Is ocean water pollution a problem on Hilton Head beaches?

Hilton Head has never closed a beach due to pollution.  The State DHEC monitors water quality at 15 points along the beach twice a month from April to September and once a month other times.  Hilton Head has no heavy industry to produce toxic waste and most of our storm water runoff is captured in lagoons and ponds and not emptied into the ocean.

How about golf and tennis?

Your hotel or rental agent can provide specific information.  Some properties have on site tennis courts, where the usual unwritten rule applies - play all you want, but if someone is waiting limit yourself to an hour.  In some cases limited tennis privileges are provided at private courts - usually one hour per day per property. There are some public courts as well. More information here.

Most hotels and rental companies offer discounts on golf at the majority of public courses.  Tee times can be made for you in advance and you can get a package deal on accommodations plus golf. Depending on the time of year, you might be better off not making advance arrangements and taking advantage of specials offered by many courses.  These are usually special discounts for playing in the afternoon.  They can be found in the local newspaper or by calling the courses and asking about them. More information here.

Liquor laws

Liquor by the bottle is sold in licensed liquor stores only.  They also sell beer and wine and most sell mixers, but all these are usually less expensive in grocery stores.  Liquor stores must close at 7 PM by law, and are closed on Sundays and most holidays.  Grocery stores sell wine and beer any time they are open.  The mini bottles once mandated by law are history, to most everyone's relief. You might find a mini bottle for a drink that is rarely ordered, or for a product being promoted in a liquor store.

What are the kiosks in front of some restaurants and shops?

Time shares are aggressively marketed on Hilton Head. The kiosks typically offer an incentive, such as a free meals at a restaurant, for people who will commit to sitting through a sales pitch. The sales pitches are well scripted and difficult to resist, as well as time consuming. It's your choice, but if they were selling a used car wouldn't you wait a day or two before committing? These sales people are very persuasive and usually press for a quick decision (made emotionally rather than rationally). You should also know there are several time share resale companies on the Island. There you can get an idea what you will be able to get for your time share if you decide it was a mistake. (Thanks, Shaun for the suggestion.)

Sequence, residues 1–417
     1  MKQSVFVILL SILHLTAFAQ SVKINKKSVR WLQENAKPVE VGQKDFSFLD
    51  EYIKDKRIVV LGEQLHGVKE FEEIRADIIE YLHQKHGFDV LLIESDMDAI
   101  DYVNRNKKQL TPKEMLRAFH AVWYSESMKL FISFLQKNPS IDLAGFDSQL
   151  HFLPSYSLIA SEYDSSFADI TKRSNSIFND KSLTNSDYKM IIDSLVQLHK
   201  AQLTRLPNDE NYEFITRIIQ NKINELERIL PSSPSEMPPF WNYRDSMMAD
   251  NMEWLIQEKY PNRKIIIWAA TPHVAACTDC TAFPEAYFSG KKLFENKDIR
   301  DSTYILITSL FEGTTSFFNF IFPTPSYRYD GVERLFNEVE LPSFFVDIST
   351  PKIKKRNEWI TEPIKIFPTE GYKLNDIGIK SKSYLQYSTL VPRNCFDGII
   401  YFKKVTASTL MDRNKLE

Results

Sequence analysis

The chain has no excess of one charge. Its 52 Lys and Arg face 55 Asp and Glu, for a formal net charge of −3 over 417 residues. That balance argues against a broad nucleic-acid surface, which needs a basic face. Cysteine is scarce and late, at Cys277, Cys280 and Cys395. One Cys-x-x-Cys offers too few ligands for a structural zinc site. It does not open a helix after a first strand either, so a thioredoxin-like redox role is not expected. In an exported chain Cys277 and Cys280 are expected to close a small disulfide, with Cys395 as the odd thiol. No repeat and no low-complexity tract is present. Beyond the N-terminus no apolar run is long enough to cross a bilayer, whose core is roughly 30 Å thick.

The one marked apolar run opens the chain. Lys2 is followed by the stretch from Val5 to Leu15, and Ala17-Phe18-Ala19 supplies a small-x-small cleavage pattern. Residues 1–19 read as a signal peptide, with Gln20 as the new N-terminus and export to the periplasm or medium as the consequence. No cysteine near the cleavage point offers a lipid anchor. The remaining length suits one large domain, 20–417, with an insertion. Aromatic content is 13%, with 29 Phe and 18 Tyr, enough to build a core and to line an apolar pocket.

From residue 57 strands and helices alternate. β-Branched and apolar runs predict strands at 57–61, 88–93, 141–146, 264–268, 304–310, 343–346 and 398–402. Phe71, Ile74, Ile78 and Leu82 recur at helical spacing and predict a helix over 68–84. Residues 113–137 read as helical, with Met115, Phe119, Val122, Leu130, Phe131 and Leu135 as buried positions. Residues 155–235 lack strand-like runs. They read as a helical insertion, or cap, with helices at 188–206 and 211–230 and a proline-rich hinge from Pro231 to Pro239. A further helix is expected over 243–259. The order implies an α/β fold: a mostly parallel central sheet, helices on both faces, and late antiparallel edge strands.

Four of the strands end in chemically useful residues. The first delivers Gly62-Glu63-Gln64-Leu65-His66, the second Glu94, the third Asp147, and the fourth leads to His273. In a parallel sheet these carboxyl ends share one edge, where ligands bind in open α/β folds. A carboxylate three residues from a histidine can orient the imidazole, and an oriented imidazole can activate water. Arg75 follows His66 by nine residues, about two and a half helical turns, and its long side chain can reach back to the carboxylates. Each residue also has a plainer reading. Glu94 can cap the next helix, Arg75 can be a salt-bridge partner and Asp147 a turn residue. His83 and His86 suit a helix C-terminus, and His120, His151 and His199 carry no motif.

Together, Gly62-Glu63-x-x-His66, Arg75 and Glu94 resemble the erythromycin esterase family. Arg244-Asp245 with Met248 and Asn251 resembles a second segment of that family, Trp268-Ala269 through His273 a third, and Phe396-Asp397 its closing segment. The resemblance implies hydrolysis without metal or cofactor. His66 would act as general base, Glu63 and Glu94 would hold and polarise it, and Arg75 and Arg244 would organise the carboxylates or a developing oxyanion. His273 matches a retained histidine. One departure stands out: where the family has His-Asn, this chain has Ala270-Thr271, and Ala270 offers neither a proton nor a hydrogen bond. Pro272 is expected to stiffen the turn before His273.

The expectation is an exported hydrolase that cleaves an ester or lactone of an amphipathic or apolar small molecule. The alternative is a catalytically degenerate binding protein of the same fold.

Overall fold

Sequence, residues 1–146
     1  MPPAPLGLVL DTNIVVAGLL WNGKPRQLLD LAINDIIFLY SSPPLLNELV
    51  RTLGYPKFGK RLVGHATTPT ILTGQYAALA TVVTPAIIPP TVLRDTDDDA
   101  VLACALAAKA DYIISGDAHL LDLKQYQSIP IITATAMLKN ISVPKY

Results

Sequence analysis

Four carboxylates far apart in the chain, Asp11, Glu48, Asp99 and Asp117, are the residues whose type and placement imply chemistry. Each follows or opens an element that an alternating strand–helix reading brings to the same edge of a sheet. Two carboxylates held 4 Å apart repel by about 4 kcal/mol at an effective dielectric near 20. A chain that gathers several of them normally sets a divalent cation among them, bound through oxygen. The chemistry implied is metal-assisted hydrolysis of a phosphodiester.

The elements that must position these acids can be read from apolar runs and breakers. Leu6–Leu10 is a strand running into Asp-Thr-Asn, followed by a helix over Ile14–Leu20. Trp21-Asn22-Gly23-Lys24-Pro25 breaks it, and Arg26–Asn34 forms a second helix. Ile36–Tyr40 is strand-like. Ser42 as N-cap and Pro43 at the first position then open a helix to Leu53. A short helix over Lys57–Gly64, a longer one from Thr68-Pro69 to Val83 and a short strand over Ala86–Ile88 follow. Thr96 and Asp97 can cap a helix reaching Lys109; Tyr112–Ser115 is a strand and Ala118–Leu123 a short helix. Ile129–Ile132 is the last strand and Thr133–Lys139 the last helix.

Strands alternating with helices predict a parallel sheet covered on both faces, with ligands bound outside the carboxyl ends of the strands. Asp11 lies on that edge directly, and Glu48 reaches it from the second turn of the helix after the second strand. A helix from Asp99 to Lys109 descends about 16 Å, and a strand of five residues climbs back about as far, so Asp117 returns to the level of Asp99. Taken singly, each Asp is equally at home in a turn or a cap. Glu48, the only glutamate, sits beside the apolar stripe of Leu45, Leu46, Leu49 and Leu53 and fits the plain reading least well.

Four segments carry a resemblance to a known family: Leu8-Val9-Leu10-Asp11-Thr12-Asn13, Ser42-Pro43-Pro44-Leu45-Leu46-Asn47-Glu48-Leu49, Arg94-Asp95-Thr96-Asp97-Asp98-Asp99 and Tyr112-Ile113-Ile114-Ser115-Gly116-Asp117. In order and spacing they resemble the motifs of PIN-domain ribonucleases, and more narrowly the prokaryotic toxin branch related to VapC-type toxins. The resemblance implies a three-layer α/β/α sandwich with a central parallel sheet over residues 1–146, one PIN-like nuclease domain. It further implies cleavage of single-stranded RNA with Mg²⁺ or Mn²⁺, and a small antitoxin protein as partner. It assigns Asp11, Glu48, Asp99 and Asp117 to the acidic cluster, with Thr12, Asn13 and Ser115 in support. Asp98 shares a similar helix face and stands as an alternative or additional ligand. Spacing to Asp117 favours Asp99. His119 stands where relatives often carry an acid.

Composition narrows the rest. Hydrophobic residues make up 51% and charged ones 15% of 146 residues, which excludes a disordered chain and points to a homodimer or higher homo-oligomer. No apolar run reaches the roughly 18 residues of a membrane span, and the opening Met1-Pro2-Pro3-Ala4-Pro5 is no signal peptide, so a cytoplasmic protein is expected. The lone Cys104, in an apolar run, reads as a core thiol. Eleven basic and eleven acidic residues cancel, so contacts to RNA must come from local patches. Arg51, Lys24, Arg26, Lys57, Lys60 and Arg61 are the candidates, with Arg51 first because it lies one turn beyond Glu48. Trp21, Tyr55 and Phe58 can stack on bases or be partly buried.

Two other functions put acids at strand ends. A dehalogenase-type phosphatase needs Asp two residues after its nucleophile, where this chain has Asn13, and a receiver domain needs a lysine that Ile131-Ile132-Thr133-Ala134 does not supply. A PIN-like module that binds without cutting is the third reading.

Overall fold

Crime on Hilton Head

Hilton Head has a  low crime rate.  Every plantation has its own security force with arrest powers, and the island is patrolled by Beaufort county Sheriff's Deputies.  That said, visitors should always exercise common sense to prevent crime.  Petty theft is not uncommon, so you should not leave cameras, purses and other tempting targets on your car seat in plain view.  Leave your expensive bike at home and rent one.  Bike locks are relatively easy to defeat.  Don't bring expensive jewelry - you won't need it here - and don't carry a lot of cash.  Lock your rental property when you leave.  Thieves target tourists because if they get caught the victim might not return to testify. Although incidents are very rare, I would recommend women not walk on the beach alone at night, if for no other reason because drunks are common in resort areas.

Summer jobs and housing

Since Hilton Head Island is a tourist destination, summer jobs in the service industry are plentiful and most pay fairly well. The hard part is finding housing, because many rental properties rent by the week at prices too high for this purpose. A very few businesses provide rental housing for seasonal employees. Finding something by the month without a one year lease is difficult. The best bet is to find roommates - whether you arrive as a group or find someone living here who seeks a roommate. The local newspaper, The Island Packet, has classified ads that are available over the internet where you might find jobs or housing. Click here.

Recycling on Hilton Head

Recycling is part of trash collection. You need not separate recyclables by type, but put them in the provided containers. The recycling centers previously open have been replaced by a new recycling center off  Dillon Road (which is between Folly Field Road and Mathews Drive) across from Port Royal Plaza. Take 278 to Dillon Rd., turn the only way you can (more or less East), turn left at Gateway Circle then right on Summit Dr. The center is on the right.

Hours: 7:30 AM to 7:00 PM daily except Wednesdays and holidays.

They accept:
Household trash
Aluminum cans (not Steel)
Glass: Separate Clear, Brown, Green
Used oil, filters and bottles
Cardboard, folded flat
Yard (plant) waste

Not accepted:

Commercial waste

Cost of Living

Statistics vary depending on where they come from, but this is believable to me.

 US Average=100
Overall   143.1  
Housing   221.1  
Food   103.3  
Transportation   105.4  
Utilities   92.3  
Health   107.2  
Miscellaneous   108.6  

The average cost of housing is driven up by multi-million dollar oceanfront mansions. According to Zillow, median price for a house here is $431,300.

Renting accommodations directly from a property owner.

It's possible to save by renting directly from a property owner, especially if they are breaking the law by not collecting sales and accommodations taxes. You might be asking for problems, however. What will the owner, who  probably lives elsewhere, do if you accidentally lock yourself out of the property, or if the refrigerator or air conditioner expire, or if you don't like the accommodation, or if it's not clean enough, or if the person above you floods out your property? Rental companies are local and have clout with companies that fix problems, based on the volume of business they give them, so they can get emergency service when an individual cannot. They also manage multiple properties, so can give you some options or move you if disaster strikes.

The Town and County are now aggressively pursuing tax cheats - not something you want to be involved in.


The voice of intelligence is drowned out by the roar of fear. Most of all, it is silenced by ignorance.
--Karl Menninger


 This page Updated 08/07/2019